What are we looking for?
U.S. retail and consumer discretionary securities with the potential to rebound.
Today's exercise is an update on a screen we brought you in July of 14 retail companies that had the potential to rebound based on the StarMine Relative Value Ranking model (tgam.ca/2k1yFRd). That model combined six financial ratios (enterprise-value-to-sales, enterprise-value-to-EBITDA, price-to-earnings, price-to-cash-flow-from-operations, price-to-book and dividend yield) to produce a score out of 100. (EBITDA represents earnings before interest, taxes, depreciation and amortization).
Last week, the Street heard the news that big-box-retailer Toys "R" Us Inc. would file for bankruptcy in the United States and aim to restructure $400-million (U.S.) of debt due in 2018. In today's screen, we continue to search for depressed retail securities with the potential to bounce back, but adjust our Relative Valuation Model to include a measure of leverage: net debt to EBITDA.
Toys "R" Us filed its bankruptcy proceedings with an average net debt to EBITDA ratio of 5.48 for 2017, which was well above the industry average of 3.42. Net debt to EBITDA shows how many years it would take a company to pay back debt if the variables are held constant. (In the case of Toys "R" Us, for example, the metric suggests it would take it five-and-a-half years for the company to pay back debt.)
For today's screen we look at U.S. retail and consumer discretionary sector companies with market capitalizations above $1-billion and a negative return over the past six months. We also filtered companies that had a StarMine Relative Valuation rank above 90, and further filtered the model for companies who had a net-debt-to-EBITDA ratio better (lower) than the industry average of 3.42. We aim to identify companies that score high on the Relative Valuation Model, and are at low risk of succumbing to the same fate as Toys "R" Us.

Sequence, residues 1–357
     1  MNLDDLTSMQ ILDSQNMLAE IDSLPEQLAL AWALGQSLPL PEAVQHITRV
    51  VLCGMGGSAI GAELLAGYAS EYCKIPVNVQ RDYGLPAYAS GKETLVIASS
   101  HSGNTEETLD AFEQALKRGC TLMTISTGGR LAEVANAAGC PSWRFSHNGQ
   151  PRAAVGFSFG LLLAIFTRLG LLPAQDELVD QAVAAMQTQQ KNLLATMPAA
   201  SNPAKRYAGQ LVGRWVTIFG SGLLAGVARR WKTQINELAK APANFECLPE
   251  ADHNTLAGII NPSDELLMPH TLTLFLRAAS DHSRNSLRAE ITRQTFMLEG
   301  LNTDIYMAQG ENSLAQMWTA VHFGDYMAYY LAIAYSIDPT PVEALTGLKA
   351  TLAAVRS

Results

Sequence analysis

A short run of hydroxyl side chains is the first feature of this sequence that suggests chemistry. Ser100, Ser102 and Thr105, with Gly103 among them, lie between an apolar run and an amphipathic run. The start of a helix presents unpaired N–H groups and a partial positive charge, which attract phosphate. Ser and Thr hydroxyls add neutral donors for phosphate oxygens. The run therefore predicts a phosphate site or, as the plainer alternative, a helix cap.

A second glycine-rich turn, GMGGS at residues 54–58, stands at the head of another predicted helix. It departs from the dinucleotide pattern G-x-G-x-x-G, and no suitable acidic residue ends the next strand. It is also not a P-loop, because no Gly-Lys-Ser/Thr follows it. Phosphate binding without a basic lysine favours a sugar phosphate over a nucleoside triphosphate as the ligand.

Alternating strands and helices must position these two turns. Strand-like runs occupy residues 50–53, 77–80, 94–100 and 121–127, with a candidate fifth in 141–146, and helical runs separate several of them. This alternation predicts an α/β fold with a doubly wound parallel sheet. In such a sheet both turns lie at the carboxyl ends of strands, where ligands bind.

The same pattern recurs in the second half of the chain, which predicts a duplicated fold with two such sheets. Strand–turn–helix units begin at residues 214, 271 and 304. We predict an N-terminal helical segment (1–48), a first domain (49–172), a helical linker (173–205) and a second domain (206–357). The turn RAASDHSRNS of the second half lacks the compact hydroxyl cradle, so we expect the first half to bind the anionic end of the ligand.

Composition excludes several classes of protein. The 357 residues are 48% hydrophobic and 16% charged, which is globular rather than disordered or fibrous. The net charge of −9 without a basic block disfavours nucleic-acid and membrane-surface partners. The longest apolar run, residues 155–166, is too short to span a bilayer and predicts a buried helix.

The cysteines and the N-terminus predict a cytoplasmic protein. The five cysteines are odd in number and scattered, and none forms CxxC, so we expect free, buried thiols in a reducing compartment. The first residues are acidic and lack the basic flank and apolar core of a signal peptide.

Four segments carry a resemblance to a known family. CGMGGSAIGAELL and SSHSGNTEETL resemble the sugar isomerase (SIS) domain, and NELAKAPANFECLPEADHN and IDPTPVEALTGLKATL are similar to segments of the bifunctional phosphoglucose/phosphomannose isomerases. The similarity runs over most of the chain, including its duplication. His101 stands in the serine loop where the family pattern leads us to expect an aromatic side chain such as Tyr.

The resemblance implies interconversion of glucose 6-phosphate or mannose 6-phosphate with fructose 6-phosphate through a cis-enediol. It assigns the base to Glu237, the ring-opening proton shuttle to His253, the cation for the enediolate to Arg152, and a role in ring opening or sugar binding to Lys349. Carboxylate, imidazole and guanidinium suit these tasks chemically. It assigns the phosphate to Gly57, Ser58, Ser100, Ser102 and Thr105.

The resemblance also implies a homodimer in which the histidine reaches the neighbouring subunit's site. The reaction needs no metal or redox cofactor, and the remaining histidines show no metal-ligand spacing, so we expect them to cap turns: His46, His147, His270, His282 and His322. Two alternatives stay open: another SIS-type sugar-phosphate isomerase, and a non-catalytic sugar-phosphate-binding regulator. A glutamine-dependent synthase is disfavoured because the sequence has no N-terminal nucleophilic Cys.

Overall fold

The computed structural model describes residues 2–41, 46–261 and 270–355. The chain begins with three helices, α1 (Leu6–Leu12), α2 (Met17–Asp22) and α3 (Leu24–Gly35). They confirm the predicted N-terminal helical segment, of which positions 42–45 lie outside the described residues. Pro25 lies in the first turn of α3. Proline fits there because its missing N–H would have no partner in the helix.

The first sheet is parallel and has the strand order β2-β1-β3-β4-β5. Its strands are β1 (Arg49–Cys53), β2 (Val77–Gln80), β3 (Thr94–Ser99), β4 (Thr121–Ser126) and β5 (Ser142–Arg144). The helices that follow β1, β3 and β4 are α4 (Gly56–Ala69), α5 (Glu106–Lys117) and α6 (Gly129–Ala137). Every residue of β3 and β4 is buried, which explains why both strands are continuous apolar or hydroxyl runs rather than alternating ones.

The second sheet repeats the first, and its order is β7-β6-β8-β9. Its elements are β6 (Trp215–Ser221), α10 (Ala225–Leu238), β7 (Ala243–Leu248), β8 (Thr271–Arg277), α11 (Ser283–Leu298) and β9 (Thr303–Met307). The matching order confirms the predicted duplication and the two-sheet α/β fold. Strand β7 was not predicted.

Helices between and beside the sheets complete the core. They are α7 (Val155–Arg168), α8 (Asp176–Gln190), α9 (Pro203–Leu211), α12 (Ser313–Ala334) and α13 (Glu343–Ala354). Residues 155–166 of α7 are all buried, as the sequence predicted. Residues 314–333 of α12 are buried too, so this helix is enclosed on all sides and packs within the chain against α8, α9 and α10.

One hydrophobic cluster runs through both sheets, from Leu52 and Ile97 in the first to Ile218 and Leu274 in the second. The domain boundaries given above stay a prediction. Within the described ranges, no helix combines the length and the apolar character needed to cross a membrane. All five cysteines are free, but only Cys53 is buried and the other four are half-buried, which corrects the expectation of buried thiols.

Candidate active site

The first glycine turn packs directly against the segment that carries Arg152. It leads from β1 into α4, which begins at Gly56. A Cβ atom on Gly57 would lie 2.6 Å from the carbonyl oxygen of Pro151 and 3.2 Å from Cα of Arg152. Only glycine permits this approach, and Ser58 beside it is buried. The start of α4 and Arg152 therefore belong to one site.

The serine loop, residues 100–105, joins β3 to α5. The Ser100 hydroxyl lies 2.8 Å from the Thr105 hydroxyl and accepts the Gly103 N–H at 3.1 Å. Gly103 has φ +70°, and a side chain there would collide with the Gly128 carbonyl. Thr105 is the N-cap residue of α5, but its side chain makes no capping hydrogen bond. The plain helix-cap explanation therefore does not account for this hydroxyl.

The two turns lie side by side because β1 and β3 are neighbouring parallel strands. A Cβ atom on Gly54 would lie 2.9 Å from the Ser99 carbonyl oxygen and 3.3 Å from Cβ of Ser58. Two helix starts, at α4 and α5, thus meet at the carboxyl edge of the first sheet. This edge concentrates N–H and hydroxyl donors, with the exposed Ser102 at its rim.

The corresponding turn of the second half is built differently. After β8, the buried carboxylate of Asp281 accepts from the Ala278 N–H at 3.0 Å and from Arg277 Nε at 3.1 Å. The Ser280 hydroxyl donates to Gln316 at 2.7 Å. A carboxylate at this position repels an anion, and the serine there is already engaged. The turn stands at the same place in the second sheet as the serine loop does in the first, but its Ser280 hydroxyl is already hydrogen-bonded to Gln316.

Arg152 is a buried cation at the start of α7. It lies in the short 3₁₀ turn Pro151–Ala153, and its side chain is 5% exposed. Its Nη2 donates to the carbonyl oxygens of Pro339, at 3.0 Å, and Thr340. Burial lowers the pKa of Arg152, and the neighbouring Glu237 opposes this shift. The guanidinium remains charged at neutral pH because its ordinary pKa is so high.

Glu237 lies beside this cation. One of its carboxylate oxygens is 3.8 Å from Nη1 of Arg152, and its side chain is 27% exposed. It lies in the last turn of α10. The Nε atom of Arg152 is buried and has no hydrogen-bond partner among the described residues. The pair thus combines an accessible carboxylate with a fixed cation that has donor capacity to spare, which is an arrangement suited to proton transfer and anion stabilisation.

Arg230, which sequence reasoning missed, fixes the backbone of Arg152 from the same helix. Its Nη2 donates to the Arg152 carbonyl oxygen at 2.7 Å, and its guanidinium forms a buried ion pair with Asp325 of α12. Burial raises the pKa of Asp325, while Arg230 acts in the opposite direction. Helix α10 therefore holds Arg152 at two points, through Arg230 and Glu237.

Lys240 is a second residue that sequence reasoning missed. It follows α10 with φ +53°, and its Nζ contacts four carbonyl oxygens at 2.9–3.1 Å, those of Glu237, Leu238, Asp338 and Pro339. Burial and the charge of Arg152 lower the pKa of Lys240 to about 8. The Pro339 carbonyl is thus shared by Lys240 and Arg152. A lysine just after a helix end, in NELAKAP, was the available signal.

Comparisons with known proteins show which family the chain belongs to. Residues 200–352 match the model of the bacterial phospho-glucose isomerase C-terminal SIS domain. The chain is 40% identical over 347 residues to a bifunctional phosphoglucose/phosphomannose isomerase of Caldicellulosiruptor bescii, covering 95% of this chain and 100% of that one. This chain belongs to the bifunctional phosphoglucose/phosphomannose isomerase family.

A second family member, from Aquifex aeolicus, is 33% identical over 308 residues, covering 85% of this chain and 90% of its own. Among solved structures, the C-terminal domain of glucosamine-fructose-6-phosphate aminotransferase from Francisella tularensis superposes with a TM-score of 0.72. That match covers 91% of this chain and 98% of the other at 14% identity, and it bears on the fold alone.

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What did we find?
Our screen identified six North American-listed securities that met our criteria, ranked by net debt-to-EBITDA. Here are two of note:
Dick's Sporting Goods Inc. which has a net-debt-to-EBITIDA ratio of 0.08, a Relative Strength Valuation Rank of 97 and produces a dividend yield of 2.5 per cent. The stock price has fallen almost 41 per cent over the past six months.
GameStop Corp. has a net-debt-to-EBITDA ratio of 0.77, a Relative Strength Valuation Rank of 100 and offers a dividend yield of 7.6 per cent. The security is mostly flat over the past six months, down only 2 per cent.
Investors are encouraged to do their own research before investing in any stocks listed here.
Paul Hoyda, CFA, is a market specialist in the financial and risk division of Thomson Reuters and specializes in governance, risk and compliance.